Citation: Self-heating drinks cans set for a relaunch—here’s how they work (2018, June 20) retrieved 18 July 2019 from https://phys.org/news/2018-06-self-heating-cans-relaunchhere.html These were essentially a stove and can rolled into one, with a tube of cordite (more typically used as the propellant in small arms ammunition) running through the centre of the can to act as fuel. The cans were quick and easy to use and could be lit with a cigarette, allowing troops to prepare a hot meat in under five minutes. Unfortunately, they also had a tendency to explode, showering the assembled squaddies with piping hot soup. Since then, there have been numerous attempts to make self-heating cans into a mainstream product. Most relied on a rather less explosive reaction to provide the heat, although some have still struggled with the problem of not blowing up. Quicklime (calcium oxide) heats up rapidly when mixed with water. But it’s not particularly efficient, producing about 60 calories of energy per gram of reactant (one calorie will heat up one millilitre of water by 1℃).The upshot is that, to heat the drink by 40℃, you need a heating element that takes up nearly half the packaging. That’s just about OK if you want a small drink on a warm day, but in the depths of winter, when you might really want a hot drink, you only end up with a tepid coffee. Credit: shutterstock Thermite – in slo-mo. Thermite is an extreme example of an exothermic reaction, a chemical reaction that produces energy in the form of light and heat. Fire, typically the result of a reacting carbon and oxygen, is probably the exothermic reaction we are most familiar with. But there are plenty more. In fact many of the very same troops who were landing on the Normandy beaches that day had another example in their ration packs, in the form of self-heating cans of soup. This document is subject to copyright. Apart from any fair dealing for the purpose of private study or research, no part may be reproduced without the written permission. The content is provided for information purposes only. Provided by The Conversation Self-heating cocoa. Credit: University of Cambridge The imposing cliffs of Pointe de Hoc overlook the Normandy beaches where Allied troops landed on June 6 1944. The assaults marked the beginning of the liberation of German occupied Europe. And the cliff tops were the perfect spot for artillery pieces capable of devastating any troops who tried to attack the Ohama and Utah beachheads.The Allied command knew this and so, to sure up the attack, the navy bombarded Pointe de Hoc. Afraid this might not be enough, they also had a backup plan. A team of US Rangers scaled the shear 30-metre cliffs and, after locating the weaponry, they deployed their grenades, destroying the guns. The key to their success was the choice of thermite-based charges. These weren’t the kind of “high explosives” normally found in grenades, but instead used a chemical reaction that produced temperatures hot enough to melt the steel of the artilleries’ firing mechanisms.Surprisingly, the thermite the rangers used is incredibly simple. It is just rust (iron oxide) and powdered aluminium. Mixed together they are entirely safe and stable – that is until the mixture is given an energetic kick, typically by lighting a magnesium metal fuse. And then the fireworks start. The aluminium grabs the oxygen from the rust and in the process produces iron and a huge about of heat. The reaction can easily reach 2,500℃, hot enough to produce molten (liquid) iron.The following video shows the reaction in slow motion. The bright light at the start is just the magnesium burning. Then, when the fuse burns down to the thermite, things get impressive, leaving a melted tube and a flaming puddle of iron. Explore further A US technology firm is hoping to make a very old idea finally work by launching self-heating drinks cans. HeatGenie recently received US$6m to bring their can design to market in 2018, more than 15 years after Nestle abandoned a similar idea. Yet the principles behind the technology go back much further to 1897, when Russian engineer Yevgeny Fedorov invented the first self-heating can. So how do these cans work, why no one has managed to make them a success, and what’s HeatGenie’s new approach? To answer that, we have to go back to World War II. More powerful cansWhat’s needed is a much more efficient reaction. Something, like thermite perhaps? As crazy as packing a can with a reaction capable of disabling an artillery gun may seem that’s just what HeatGenie is planning. Over the last ten years, the firm has filed numerous patents describing the use of thermite within self-heating cans. It turns out the reaction used by the US Rangers is still too hot to handle, so they’ve dialled things back a bit by replacing the rust with a less reactive but no less familiar material, silicon dioxide. So the latest generation of heated cans is fuelled on aluminium and ground-up glass.When this reaction is triggered it still kicks out a whopping 200 calories per gram of reactant and can achieve 1,600℃. Given the troubled history of self-heating packaging, releasing this much energy from the can in your hand might be a bit of a concern, so several of HeatGenie’s patents cover safety issues.These include a complex arrangement of “firewalls” that can block the so-called “flamefront” should things get too hot, and energy-absorbing “heatsinks” to ensure the heat is efficiently transmitted around the drink, as well as vents to let off any steam. With all that is place, the company claims just 10% of the packaging is taken up by the heating elements, which can still produce a warm coffee in two minutes (although the exact temperature hasn’t been revealed). So, well over a century on from Fedorov’s first efforts, has HeatGenie final cracked the self-heating can? Judging from the patents and investments, the firm might have sorted out the technical side, but whether it really has a hot product on its hands is another thing entirely. Dandelion wants to play a role in home geothermal This article was originally published on The Conversation. Read the original article.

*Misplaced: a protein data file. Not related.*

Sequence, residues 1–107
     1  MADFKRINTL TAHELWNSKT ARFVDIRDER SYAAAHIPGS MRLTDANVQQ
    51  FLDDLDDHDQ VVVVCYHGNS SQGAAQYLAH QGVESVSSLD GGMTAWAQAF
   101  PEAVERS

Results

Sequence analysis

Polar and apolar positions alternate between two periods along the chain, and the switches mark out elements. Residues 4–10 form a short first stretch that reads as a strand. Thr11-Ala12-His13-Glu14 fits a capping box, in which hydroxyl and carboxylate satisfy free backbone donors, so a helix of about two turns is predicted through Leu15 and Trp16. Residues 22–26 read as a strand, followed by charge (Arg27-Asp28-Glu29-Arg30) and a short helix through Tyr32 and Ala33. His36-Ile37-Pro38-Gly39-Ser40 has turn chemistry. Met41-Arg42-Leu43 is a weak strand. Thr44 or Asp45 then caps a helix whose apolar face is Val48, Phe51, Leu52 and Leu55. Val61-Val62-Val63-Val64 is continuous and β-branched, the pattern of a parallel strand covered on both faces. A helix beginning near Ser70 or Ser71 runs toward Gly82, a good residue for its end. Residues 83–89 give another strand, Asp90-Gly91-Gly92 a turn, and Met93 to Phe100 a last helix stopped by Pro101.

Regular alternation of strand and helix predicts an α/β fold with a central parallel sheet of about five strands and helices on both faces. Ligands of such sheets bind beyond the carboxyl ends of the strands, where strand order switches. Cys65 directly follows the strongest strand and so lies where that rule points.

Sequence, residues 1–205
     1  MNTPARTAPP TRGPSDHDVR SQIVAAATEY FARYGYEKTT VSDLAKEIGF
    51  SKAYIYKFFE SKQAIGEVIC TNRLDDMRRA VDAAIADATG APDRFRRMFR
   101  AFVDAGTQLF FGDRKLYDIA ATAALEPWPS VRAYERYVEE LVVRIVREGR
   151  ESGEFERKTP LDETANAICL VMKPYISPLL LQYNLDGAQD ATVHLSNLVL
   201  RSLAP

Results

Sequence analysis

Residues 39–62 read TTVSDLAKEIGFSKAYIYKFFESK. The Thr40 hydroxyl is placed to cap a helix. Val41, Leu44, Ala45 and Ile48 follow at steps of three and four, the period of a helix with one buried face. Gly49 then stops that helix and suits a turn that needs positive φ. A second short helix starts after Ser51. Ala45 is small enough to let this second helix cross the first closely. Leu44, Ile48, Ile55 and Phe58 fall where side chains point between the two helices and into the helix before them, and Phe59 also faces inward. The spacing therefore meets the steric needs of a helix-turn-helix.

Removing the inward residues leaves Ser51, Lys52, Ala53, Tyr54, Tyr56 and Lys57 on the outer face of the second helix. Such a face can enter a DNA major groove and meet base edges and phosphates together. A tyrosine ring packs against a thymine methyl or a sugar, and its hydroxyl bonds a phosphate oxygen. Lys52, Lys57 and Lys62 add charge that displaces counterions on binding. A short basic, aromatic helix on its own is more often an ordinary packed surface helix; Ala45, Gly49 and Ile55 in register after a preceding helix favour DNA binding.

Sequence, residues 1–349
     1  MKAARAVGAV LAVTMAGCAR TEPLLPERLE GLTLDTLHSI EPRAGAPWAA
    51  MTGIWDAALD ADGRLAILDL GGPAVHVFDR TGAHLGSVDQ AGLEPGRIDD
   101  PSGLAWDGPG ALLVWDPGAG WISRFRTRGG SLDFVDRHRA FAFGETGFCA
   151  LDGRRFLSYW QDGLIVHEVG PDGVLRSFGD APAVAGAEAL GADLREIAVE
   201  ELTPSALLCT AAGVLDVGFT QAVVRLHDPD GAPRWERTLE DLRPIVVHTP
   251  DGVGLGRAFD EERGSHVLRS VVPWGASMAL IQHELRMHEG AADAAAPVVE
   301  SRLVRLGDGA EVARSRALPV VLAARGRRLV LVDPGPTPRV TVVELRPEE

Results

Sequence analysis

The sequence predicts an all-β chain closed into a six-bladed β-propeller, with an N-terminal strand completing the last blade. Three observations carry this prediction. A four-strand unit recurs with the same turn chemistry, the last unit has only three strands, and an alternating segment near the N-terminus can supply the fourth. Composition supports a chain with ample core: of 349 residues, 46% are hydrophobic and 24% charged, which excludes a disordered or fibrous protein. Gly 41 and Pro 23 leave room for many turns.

Apple announces (PRODUCT)RED iPhone 8 and 8 Plus models to help combat AIDS Citation: Apple says iPhone XR is ‘best-selling’ iPhone, as it promotes RED model to help fight AIDS (2018, November 30) retrieved 17 July 2019 from https://phys.org/news/2018-11-apple-iphone-xr-best-selling-red.html This document is subject to copyright. Apart from any fair dealing for the purpose of private study or research, no part may be reproduced without the written permission. The content is provided for information purposes only. (c)2018 USA TodayDistributed by Tribune Content Agency, LLC. The iPhone XR has been the “best-selling iPhone each and every day since it became available for sale” on Oct. 26, Apple vice president of product marketing Greg Joswiak said Wednesday. Explore further That means, when you compare the first month of sales, the $749 (on up) iPhone XR has outsold all other iPhones. That includes the pricier XS ($999 on up) and XS Max ($1,099) models that reached consumers a little more than a month earlier, as well as prior models still in the lineup, including the iPhone 8 and 8 Plus.That said, it’s only been about a month, so how sales hold up throughout the year remains to be seen. (Not that Apple is likely to break with its practice and reveal specific sales numbers.) By way of comparison, though, last year’s most expensive iPhone, the X model that was the first to crack $1,000, became the best-selling iPhone overall after its release.Joswiak spoke to USA TODAY ahead of World AIDS Day on Saturday, to promote the (PRODUCT)RED version of the iPhone XR, which was released at the same time as the XR models in other colors. This was the first time the RED version was available at the launch of a new iPhone and beforeWorld AIDS Day.While the phone is the same as other iPhone XR models—what’s inside and how much it costs—the red version is different because Apple donates a portion of sales to the Global Fund’s HIV/AIDS grants to provide testing, counseling, treatment and prevention programs, with a specific focus on eliminating transmission of the virus from mothers to their babies.From Dec. 1 to Dec. 7, Apple says it will donate $1 to the charity for every purchase—from an iPhone to a Lightning cable—that’s made with Apple Pay in an Apple Store, at apple.com or using the App Store app on your phone.Apple has been teaming with the RED charity for 12 years and has raised more than $200 million, Joswiak said, through the sale of RED products including a special Apple Watch sport band, cases for iPhones and iPads, and Beats headphones and speakers.